Russ Markel of Outer Shores Expeditions, a company that takes tourists to wild areas of BC’s coast on a wooden schooner, feels trophy hunting adversely affects bear tourism, so expanding hunting could adversely affect his—and government—revenues. Markel can’t keep up with the demand for trips now, but an incident near Bella Coola last May left tourists shaken. “It was a horrible situation. People used the area for bear viewing and so the bears got used to it and then some random guy with a rifle turned up and a bear was killed,” he said.
The Guide Outfitters Association of BC, however, states: “Guide outfitting and wildlife viewing have co-existed for two decades and can continue to do so…It is important we separate the emotion from the science.”
But the science is not settled and there is long-standing controversy over the accuracy of population estimates and veracity of kill numbers.
Grizzly bears are listed federally as a species of special concern. Yet in BC, between 2001 and 2011, out of an estimated population of 15,000 bears, more than 3500 animals were killed, including 1200 females, according to a Raincoast Conservation Foundation study. More than 2800 of those animals, including 900 females, were killed by trophy hunters. Others were killed by poachers, accidents or conservation officers.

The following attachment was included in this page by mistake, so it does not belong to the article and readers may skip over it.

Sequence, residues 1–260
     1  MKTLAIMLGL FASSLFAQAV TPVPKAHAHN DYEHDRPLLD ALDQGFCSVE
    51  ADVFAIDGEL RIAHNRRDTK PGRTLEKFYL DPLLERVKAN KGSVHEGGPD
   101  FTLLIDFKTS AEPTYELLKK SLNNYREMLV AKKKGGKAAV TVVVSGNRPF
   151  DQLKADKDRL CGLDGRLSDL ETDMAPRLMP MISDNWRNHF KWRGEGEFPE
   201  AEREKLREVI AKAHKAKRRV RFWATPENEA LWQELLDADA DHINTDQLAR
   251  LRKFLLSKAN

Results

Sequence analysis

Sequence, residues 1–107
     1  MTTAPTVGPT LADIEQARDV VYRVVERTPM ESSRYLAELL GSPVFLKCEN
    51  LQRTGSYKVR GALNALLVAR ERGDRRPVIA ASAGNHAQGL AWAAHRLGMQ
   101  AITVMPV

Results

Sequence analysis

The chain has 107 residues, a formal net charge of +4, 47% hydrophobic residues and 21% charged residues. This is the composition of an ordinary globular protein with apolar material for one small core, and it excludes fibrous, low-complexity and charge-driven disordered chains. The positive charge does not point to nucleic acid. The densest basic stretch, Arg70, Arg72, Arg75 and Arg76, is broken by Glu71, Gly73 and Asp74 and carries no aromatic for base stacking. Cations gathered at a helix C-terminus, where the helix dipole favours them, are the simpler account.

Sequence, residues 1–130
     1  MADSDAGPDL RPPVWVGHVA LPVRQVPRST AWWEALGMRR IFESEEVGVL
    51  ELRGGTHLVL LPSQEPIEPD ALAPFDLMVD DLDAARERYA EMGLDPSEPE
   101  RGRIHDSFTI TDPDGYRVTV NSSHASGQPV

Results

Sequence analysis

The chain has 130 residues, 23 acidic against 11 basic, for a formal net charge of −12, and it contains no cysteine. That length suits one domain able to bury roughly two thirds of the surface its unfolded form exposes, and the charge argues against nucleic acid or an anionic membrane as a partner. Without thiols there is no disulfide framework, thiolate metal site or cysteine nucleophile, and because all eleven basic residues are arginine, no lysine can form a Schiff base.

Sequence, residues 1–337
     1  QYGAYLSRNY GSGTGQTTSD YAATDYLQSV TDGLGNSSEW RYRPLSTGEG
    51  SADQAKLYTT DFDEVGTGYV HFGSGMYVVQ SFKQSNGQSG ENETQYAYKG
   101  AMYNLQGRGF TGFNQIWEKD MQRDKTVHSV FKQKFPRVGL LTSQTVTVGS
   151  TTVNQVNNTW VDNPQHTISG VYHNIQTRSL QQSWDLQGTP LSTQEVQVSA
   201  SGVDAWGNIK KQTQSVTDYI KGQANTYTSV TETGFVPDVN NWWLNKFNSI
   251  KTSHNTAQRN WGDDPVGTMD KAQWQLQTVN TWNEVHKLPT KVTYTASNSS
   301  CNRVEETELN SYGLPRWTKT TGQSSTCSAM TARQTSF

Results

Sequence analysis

A Ministry of Forests, Lands and Natural Resource Operations spokesman said in an email that the decision to re-open hunts is based on the best available science and is focused on areas where increasing grizzly populations can sustain a conservative hunt. A recent peer-reviewed study, co-authored by two provincial wildlife biologists, re-affirmed that grizzly populations are being sustainably managed.
But Raincoast Conservation senior scientist Paul Paquet scoffs at such claims. “Regional kill rates for sub-populations that are being hunted are much higher and not sustainable,” said Paquet, who co-authored a paper showing that, over the last decade, kills frequently exceeded targets.
As for black bears, the province estimates there are 120,000 to 160,000 black bears in BC and the harvest in 2012 was 3876—a number based on a sample survey of hunters—which is well below the sustainability level, said the ministry spokesman.
Raincoast Conservation executive director Chris Genovali questions the numbers and said kill numbers could be much higher. “They shouldn’t be considering extending the season when they have no reliable or accurate estimate of the number of black bears in BC. That’s disturbing,” he said.
NDP environment critic Spencer Chandra Herbert is also uncomfortable with government numbers. “Government does not have the evidence to back up what it’s doing because it has cut about 25 percent of the folks who would be out counting bears, looking at habitat issues, and enforcing poaching laws,” he said. But Chandra Herbert stopped short of committing the NDP to ending the trophy hunt. “We would actually do the science,” he said.